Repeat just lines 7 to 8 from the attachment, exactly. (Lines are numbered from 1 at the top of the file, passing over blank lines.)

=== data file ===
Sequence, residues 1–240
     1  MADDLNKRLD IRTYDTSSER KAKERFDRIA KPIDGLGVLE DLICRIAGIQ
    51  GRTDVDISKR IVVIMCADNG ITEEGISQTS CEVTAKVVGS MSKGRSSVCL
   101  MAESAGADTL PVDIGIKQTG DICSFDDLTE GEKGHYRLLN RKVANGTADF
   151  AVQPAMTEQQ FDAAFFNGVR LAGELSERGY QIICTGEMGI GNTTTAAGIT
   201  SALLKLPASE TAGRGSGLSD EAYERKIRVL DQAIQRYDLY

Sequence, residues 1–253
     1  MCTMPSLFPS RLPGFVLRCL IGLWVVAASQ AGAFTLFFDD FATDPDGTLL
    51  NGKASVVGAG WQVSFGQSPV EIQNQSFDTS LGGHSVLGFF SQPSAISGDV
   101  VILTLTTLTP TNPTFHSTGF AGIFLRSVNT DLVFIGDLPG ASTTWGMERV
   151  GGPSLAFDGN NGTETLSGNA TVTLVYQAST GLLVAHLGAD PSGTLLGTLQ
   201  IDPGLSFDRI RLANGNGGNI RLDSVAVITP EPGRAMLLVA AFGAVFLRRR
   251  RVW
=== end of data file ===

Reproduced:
Sequence, residues 1–253
     1  MCTMPSLFPS RLPGFVLRCL IGLWVVAASQ AGAFTLFFDD FATDPDGTLL